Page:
Once the group arrives, have them sit down in an space where everyone can see the whiteboard. Have everyone positioned so that they can easily walk up to the whiteboard and hear each other clearly when talking. You may also want to set up a few ground rules with the group before starting:

  1. Tell the team there should be only one conversation going on a time. You don’t want to have side conversations and let good ideas slip through the cracks!
  2. Wild ideas are good ideas! Encourage your team to be bold and write down the craziest things that pop into their heads. Sometimes the strangest ideas turn out to be the best ones.
  3. Quantity matters here. More ideas is always better in a brainstorm, so make sure the group knows not to get caught up in the nitty gritty and to just communicate the basic idea on a sticky note – they can always elaborate later!
  4. There is no bad idea. Do NOT shoot down anyone’s idea, no matter how weird it seems. The brainstorming space is a sacred space. You want to make sure everyone is nurturing one another’s creativity and being open-minded to the brilliant epiphanies to come. You may need to shepherd the group to stay on track, but belittling anyone’s idea will cause a brainstorm to go sour quickly.

Plan Activities Ahead

I always recommend that brainstorm facilitators should prepare appropriate activities ahead of time in order to make the most of the time the brainstorm team has set aside. This means doing the research in advance, gathering materials and learning the exercise. There are hundreds of techniques out there, so it’s important to find the right one for your team and for the task at hand.

Here are a handful of my go-to brainstorming techniques:

Thirty Circles Exercise

This exercise is pulled from a book called Creative Confidence (I’ve linked the book below!) and it’s a great way to get the brain juices flowing before you begin your actual brainstorm. All you need is blank paper and pens (or pre-printed paper). The object of the exercise is to spend 5-7 minutes making as many recognizable objects out of a circle as you can. This exercise is great because it illustrates the importance of having many ideas and helps your mind practice ideation.

Crazy 8’s

Borrowed from Google Ventures’ book, Sprint, this exercise, each member takes a sheet of printer paper, folds it in half 3 times to get 8 rectangles. They then have 5 minutes to sketch out ideas for a specific feature or flow in a product. After they’re done, they share with the team. This brainstorming technique is great for teams that are developing mobile applications because of the size and form factor of the brainstorm output. It also helps the individuals think quickly and be nimble with their ideas.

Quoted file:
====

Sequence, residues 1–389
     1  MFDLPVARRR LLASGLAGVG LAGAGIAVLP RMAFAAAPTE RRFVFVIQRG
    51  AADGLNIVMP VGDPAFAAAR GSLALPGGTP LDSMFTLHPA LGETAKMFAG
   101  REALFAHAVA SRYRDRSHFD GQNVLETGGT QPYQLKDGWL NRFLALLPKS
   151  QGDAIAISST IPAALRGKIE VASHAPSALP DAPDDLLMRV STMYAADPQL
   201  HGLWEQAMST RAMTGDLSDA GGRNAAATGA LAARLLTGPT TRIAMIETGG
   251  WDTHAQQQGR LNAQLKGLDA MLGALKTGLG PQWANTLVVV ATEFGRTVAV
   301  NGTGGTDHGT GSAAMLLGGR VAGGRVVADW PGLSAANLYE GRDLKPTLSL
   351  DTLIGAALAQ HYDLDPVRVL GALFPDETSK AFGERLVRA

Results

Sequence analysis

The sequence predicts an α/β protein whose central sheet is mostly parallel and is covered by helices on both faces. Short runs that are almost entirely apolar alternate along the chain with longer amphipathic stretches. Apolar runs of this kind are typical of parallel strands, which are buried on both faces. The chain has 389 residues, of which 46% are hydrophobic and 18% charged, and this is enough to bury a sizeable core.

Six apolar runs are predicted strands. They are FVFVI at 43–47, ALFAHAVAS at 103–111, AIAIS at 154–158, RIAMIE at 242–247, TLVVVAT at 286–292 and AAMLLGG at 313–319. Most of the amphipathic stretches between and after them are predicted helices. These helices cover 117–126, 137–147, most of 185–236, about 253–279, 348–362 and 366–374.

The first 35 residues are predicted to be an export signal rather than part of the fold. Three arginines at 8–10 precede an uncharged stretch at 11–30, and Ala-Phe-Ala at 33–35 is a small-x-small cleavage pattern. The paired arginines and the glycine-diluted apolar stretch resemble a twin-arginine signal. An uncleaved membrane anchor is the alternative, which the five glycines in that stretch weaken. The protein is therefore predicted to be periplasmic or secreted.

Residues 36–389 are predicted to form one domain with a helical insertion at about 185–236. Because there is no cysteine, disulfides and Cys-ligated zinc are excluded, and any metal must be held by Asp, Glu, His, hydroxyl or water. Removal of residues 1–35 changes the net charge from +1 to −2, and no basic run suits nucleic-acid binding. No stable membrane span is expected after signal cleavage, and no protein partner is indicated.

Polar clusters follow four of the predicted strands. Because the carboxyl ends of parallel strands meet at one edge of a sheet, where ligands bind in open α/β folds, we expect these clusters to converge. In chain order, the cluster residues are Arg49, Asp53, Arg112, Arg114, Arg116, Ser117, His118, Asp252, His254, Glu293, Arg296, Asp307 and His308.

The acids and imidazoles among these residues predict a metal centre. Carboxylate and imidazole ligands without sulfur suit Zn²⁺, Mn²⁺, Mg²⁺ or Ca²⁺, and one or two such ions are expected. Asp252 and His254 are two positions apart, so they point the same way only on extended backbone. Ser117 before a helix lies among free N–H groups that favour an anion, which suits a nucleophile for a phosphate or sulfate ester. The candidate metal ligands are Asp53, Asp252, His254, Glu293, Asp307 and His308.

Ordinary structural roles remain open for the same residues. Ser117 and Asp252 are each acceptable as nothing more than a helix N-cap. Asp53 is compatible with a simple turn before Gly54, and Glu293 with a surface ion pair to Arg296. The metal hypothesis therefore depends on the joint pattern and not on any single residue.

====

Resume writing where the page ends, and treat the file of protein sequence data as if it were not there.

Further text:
Affinity Clusters

Finally, my go to method of brainstorming is using affinity clustering (I picked this up in the Luma Institute book I’ve mentioned below). What I do here is write a guiding question for the team on the whiteboard as a starting point for the process. For example, in one of my recent brainstorms at Favor, I wrote, “How might we encourage customers to share Favor with other potential customers?” This allows the group get into the frame of mind for the exercise. Next, the team gets about 8-10 minutes to write down their ideas on sticky notes individually. When the time is up, each person comes up to the board and puts their ideas up. As more people place their ideas on the board, the team starts to cluster them if they are similar or related. This allows patterns to emerge which the team can then analyze.

Like I said earlier, there are so many ways to brainstorm, so this is in no way a complete list. Two of my favorite books to get brainstorm ideas from are Innovating for People Handbook of Human-Centered Design Methods by the Luma Institute and Creative Confidence: Unleashing the Creative Potential Within Us All by David Kelley and Tom Kelley, the founders of IDEO. If you haven’t already read them, I highly recommend it!

Remember, brainstorming isn’t a sacred technique only reserved for designers. Anyone can facilitate the brainstorm if they have the right tools and techniques in place. In fact, every team can brainstorm from a brainstorm or two!

What’s your favorite brainstorming exercise? Comment below and let me know!